Facing economic disaster: Tipperary is bracing itself for no deal Brexit fallout
Tipperary’s business and farming communities are bracing themselves for massive disruption should the talks on a Brexit deal collapse this week.
The talks have stalled over a number of areas, with the EU chief negotiator Michel Barnier setting this Wednesday as D-Day for a deal or no deal and UK Prime Minister Boris Johnson and EU president Ursula von der Leyen due to meet in Brussels this evening to try and hammer out a final agreement.
If that happens and World Trade Organisation tariffs are implemented, Tipperary looks set to feel the brunt of the fallout.
Tipperary is home to a large number of exporting manufacturing companies who will face uncertainty over customs controls and possible border delays in shipping goods.
However, it is the Premier County’s farming sector that looks set to be hit the most, especially the dairy sector.
ICMSA president Pat McCormack said that he and his association were following developments “minutely”.
Mr McCormack said the stakes for Ireland’s agri-food sector could scarcely be higher and noted that his own county of Tipperary had “more on the table than almost every area of Ireland”.
“Tipperary is one of Ireland’s most intensive farming and food-producing counties and we produce it all here: milk, beef, cereals, while having some superb processing operations and leading co-ops. Everyone knows my position and I’ll repeat it now when we’re at the proverbial ‘Five Minutes To Midnight’: On January 1, 2021 we have to have a regime overseeing the food trade between Ireland and the UK that’s as close to the present one as is possible.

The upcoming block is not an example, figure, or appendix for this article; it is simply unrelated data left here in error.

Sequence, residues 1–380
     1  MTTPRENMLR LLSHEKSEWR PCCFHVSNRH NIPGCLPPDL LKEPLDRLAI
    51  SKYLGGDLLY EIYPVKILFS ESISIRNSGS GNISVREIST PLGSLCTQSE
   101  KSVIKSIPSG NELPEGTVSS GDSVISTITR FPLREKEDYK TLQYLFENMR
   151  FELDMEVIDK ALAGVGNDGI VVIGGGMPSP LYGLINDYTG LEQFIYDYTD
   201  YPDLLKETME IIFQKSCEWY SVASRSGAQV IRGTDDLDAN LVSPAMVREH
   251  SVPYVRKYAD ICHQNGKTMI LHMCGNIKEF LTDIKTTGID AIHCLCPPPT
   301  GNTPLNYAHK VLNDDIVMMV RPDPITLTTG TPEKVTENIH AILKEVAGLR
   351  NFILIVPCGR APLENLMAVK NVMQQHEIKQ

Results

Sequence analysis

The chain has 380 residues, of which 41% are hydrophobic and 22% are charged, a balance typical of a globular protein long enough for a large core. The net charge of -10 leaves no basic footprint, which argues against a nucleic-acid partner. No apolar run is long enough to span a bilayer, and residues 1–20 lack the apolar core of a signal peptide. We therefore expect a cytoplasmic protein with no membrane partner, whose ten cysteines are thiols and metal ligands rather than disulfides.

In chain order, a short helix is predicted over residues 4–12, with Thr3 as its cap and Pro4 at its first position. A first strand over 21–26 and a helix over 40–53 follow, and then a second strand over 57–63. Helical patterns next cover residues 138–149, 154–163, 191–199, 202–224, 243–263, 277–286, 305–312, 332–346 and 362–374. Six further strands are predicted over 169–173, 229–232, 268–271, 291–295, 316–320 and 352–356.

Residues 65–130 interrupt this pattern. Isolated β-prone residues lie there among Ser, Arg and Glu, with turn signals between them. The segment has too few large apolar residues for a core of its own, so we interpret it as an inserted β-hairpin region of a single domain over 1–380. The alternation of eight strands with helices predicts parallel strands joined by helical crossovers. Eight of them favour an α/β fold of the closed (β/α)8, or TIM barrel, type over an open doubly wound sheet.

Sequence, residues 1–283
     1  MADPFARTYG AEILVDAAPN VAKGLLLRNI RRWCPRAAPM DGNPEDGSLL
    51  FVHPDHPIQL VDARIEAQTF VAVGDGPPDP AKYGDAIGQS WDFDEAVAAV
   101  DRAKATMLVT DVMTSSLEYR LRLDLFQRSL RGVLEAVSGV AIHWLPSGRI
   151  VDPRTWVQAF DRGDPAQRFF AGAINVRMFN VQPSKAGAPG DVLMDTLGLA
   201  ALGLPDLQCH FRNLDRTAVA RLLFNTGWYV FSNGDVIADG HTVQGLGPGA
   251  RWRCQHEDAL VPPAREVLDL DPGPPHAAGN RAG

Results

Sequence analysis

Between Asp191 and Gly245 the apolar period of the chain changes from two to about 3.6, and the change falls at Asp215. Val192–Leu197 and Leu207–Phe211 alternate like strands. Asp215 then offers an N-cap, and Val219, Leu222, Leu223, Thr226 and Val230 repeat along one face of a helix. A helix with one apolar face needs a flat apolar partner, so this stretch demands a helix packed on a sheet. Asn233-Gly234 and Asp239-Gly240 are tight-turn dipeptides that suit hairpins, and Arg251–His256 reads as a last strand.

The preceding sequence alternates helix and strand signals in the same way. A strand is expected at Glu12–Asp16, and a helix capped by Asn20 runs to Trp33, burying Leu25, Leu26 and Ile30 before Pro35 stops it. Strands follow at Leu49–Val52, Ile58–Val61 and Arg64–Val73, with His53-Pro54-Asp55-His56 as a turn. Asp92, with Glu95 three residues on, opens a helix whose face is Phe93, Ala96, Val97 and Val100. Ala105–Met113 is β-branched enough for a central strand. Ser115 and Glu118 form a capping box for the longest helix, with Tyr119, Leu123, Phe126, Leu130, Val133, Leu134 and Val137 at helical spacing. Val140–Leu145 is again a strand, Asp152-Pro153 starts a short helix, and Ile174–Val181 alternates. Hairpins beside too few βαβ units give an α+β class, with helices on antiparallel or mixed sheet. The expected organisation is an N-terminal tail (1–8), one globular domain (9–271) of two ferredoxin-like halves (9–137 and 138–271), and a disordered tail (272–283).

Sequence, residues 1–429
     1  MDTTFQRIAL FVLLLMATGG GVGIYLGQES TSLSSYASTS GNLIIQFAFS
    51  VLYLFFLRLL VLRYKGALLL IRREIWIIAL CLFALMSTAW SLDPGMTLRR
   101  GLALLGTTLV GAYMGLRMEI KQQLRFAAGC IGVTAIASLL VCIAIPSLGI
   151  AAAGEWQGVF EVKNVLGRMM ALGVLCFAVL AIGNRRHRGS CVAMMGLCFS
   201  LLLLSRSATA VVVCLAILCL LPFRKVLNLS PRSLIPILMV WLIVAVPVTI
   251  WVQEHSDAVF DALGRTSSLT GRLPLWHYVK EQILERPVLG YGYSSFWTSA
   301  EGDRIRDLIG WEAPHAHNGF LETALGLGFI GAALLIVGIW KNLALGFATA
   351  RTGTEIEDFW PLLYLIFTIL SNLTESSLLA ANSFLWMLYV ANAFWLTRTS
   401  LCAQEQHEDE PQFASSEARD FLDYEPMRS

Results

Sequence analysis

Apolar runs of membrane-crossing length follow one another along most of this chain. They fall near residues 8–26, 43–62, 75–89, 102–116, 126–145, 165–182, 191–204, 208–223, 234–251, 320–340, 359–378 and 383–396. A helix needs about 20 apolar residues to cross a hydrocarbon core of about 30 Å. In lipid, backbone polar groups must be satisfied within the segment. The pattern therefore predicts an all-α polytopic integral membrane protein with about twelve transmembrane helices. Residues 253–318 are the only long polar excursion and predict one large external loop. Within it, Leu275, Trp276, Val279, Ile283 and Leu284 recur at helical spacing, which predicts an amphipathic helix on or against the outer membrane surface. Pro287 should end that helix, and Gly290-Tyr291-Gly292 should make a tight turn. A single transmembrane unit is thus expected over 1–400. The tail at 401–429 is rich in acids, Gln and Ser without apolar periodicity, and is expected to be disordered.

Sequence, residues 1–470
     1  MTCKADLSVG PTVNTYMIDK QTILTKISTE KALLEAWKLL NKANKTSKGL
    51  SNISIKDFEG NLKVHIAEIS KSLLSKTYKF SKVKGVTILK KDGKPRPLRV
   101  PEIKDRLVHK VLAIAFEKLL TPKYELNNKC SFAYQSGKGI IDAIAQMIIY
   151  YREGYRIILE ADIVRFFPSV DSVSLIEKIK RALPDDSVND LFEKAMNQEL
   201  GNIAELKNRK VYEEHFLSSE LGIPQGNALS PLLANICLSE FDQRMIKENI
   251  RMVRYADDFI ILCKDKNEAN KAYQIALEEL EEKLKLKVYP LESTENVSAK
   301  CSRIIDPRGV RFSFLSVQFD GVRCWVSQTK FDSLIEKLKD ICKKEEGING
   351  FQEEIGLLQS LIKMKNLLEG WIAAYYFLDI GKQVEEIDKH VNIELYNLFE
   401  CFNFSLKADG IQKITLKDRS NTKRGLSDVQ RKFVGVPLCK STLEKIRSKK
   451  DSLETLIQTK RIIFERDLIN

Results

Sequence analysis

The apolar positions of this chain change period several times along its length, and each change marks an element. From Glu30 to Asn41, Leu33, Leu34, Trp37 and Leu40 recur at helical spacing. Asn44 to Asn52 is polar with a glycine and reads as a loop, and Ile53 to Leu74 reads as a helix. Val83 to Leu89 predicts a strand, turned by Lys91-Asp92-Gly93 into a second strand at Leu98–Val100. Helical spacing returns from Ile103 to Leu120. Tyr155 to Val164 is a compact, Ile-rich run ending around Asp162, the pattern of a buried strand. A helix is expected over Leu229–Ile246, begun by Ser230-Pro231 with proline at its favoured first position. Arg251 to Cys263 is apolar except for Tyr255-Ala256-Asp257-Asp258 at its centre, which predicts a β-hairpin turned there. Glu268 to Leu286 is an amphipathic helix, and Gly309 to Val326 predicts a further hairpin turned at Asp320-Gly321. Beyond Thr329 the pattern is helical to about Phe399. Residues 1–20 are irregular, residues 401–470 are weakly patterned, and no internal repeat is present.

"Farmers and farm-related companies will not now – and in my opinion will not ever – be able to replace the loss of markets in England into which we have been selling for centuries.
"None of this is to say that the EU should just roll-over and give into the kind of extreme Brexiteer stupidity that we’ve all had to put up with four nearly four years.
"But all I’ll say is that farming and food is a much bigger part of our economy than fish is to France and I want to make sure that Ireland’s representatives understand that we, too, have legitimate areas of national self-interest”, said Mr McCormack, the Tipperary Town farmer who will go forward, unchallenged, for a second three-year term as president of ICMSA at the association’s National Council to be held on December 18.
Meanwhile, The Toomevara president of IFA, Tim Cullinan said this week that farming was “on the cusp of Armageddon” if there is a no deal Brexit.
IFA North Tipperary chair Imelda Walsh has already stated that Irish farming families were among the most exposed from a no deal.
“Our food exports would drop by 30%, which would have disastrous consequences. The scale of our exports to the UK, particularly beef and dairy, would have serious repercussions for every parish in Tipperary,” she has said. “The survival of our core indigenous industry is at stake here.”